We rounded St Ann's Head at 18:00, and were in Milford Haven and flat water. We motored gently up towards Neyland, looking at the port facilities and scenery as we passed, and reached the entrance to the marina at 20:10. I phoned the office and checked the water depth over the cill. There was 6', which would give us 18” under the keel, so we headed towards the upper basin.

We could not tell which berth was P5 initially, and went into P6. This was not a problem as there was plenty of space, and we quickly decided it would be fun to back into the correct berth instead of going in forward. I pulled Worm up onto the pontoon, then stayed ashore while Julian manoeuvred Robinetta round and reversed in perfectly.

We were securely tied up, with the engine off at 20:30, just as the light was going.

For a perfect sailing weekend we would have liked more wind, but we added 80 nautical miles to our progress round Britain, and saw some beautiful coast line.

Saturday, 26 August 2017

Aberystwyth to Fishguard Bay

It was a bright sunny morning when we woke on the boat after an uneventful train journey the previous evening.

We had fish &Worm off the foredeck and into the water and got Robinetta mostly ready to leave.
chips for lunch yesterday so dinner had been a little supermarket sushi and fruit on the train. I was now starving. It’s nice to get something done before breakfast so we got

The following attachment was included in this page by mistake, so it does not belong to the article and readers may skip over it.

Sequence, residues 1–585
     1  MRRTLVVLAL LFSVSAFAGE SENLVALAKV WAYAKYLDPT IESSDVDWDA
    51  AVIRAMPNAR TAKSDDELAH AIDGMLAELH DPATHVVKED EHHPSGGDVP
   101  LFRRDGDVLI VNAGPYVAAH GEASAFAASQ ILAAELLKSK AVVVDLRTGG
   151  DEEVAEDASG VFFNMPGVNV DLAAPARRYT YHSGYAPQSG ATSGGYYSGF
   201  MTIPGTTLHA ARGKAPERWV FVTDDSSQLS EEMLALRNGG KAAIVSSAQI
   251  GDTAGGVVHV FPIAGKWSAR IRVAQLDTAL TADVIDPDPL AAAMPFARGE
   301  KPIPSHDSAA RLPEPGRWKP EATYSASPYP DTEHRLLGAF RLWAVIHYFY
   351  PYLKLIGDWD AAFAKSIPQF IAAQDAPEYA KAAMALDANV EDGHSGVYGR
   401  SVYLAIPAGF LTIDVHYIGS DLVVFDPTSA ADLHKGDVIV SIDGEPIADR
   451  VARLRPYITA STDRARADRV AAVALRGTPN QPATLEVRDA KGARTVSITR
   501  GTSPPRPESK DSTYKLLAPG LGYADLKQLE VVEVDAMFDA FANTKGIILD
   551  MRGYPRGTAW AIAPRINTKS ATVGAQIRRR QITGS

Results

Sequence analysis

Then we went into town for breakfast and had a pleasant one in a cafe. We paid our berthing fees and left as planned about 9:30. There was never less than 1m of water under the keel leaving the harbour. Alison helmed and I got the bowsprit out as we went through the narrow gap between the Oceanlord on the town quay and the marina’s fuel dock.

The plan for the weekend was to get to Milford Haven - the next place along the coast with a Marina where we could leave Robinetta. The half-way point is Fishguard. The old harbour at Lower Town dries and the recommendation is to anchor near the ferry pier but the pilot says the ferry wash can be uncomfortable and also mentions a nice anchorage at the east end of Fishguard bay called Pwllgwaelod. You can row ashore to the pub. This sounded better!

Robinetta was last in Fishguard Bay in May 1946. She had sailed from Caernarfon Bay in one go and then got weather-bound in Lower Town for four days. Tomorrow we would join her south-bound track at Strumble head.